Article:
If the authorities decide to ease further restrictions on movements within and between cities, those migration flows will pick up pace. ANZ Research believes the authorities will remain cautious to minimise the risk of another contagion.
It will likely take around three weeks (compared with a mere one week, historically) for all workers to return to their workplaces by the end of March.
It’s worth noting a normalisation in economic activity over the first two weeks of April does not guarantee a sharp v-shaped economic rebound.
The impact on China’s economy in the past two months has been severe. To attain its growth targets over the rest of calendar 2020, China will need to run its factories at above-capacity utilisation rates for a long period to compensate for the void.
An orderly recovery rather than a growth surge is more likely. In addition, the outbreak has now spread to China’s key trading partners, including South Korea, Japan, Europe, and increasingly the US. China will need to brace itself for the challenging growth outlook.
Given the uncertain external demand, China’s growth outlook will be driven by domestic factors to a larger extent than in the past.
At this stage, there are few signs the Chinese government will deliver a huge stimulus plan to boost the economy. ANZ Research believes the government will adopt a targeted approach as they do not want to repeat the side-effects of the massive stimulus package in 2009, such as rapid debt growth and over-capacity issues.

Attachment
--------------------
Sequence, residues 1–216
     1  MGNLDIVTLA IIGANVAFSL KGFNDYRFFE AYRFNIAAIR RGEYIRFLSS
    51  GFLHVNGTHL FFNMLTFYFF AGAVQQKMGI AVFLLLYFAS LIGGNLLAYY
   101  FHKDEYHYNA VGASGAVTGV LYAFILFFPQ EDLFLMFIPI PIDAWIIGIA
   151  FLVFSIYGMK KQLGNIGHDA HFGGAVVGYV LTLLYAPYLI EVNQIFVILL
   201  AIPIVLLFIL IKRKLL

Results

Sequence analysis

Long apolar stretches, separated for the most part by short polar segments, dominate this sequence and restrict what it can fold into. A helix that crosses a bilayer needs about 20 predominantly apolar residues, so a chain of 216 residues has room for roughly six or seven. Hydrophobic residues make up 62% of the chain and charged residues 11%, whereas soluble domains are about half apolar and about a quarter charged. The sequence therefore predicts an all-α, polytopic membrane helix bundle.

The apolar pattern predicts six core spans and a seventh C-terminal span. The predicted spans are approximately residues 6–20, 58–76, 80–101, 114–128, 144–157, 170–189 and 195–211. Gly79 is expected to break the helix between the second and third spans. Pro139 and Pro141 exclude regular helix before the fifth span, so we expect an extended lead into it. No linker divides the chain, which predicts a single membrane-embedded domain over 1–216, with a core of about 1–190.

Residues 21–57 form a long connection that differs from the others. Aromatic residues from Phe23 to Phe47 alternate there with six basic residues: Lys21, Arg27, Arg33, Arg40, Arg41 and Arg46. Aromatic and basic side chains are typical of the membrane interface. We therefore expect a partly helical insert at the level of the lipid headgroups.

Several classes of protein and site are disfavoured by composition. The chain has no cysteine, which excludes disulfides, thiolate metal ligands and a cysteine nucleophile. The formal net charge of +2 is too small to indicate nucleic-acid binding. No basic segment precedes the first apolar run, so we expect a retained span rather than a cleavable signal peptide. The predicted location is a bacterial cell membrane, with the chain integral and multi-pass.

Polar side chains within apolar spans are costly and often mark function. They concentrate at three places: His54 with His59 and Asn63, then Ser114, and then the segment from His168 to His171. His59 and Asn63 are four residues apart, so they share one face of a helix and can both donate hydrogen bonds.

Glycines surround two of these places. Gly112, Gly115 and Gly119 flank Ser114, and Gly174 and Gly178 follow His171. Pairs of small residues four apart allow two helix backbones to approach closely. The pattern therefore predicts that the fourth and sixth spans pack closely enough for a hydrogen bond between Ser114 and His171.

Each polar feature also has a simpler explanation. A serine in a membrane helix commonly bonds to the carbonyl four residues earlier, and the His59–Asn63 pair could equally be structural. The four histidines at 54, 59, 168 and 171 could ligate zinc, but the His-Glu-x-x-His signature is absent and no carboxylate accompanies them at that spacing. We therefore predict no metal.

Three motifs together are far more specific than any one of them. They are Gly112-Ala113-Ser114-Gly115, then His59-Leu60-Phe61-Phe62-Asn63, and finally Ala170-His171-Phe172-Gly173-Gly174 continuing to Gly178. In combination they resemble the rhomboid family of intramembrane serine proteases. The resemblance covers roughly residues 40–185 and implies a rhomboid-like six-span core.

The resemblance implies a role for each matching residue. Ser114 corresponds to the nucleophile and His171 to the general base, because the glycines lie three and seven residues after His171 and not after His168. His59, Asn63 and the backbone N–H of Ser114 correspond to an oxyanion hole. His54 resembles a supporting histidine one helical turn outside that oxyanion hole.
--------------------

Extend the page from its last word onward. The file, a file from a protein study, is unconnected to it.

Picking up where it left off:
With the US Federal Reserve’s interest rate cut and another possible move on the horizon, there is room for China to follow suit without worrying about depreciation pressure on the yuan. However, ANZ Research believes the People’s Bank of China (PBoC) will be more inclined to address corporate loan rates via adjustments to the loan prime rate (LPR).
Therefore, the next action by the PBoC will likely be a cut in the medium-term lending facility rate, probably in April, and a targeted RRR cut based on the annual dynamic assessment of inclusive financing in March.
The resumption of work across Chinese cities is underway. According to government data, large industrial enterprises in most provinces have already achieved work resumption rates of at least 90 per cent.
In provinces with high GDP growth, such as Guangdong, Zhejiang, and Jiangsu, the work resumption rates of industrial firms above a designated size have reached higher than 95 per cent.
White-collar employees have returned to work this week in major cities. ANZ Research expects blue-collar workers will return and complete health quarantine requirement by the first week of April.
Labour constraints should disappear by the first week of April. Assuming it takes one week for port clearance and inventory adjustments, Chinese factory production capacity will likely be normalised by the second week.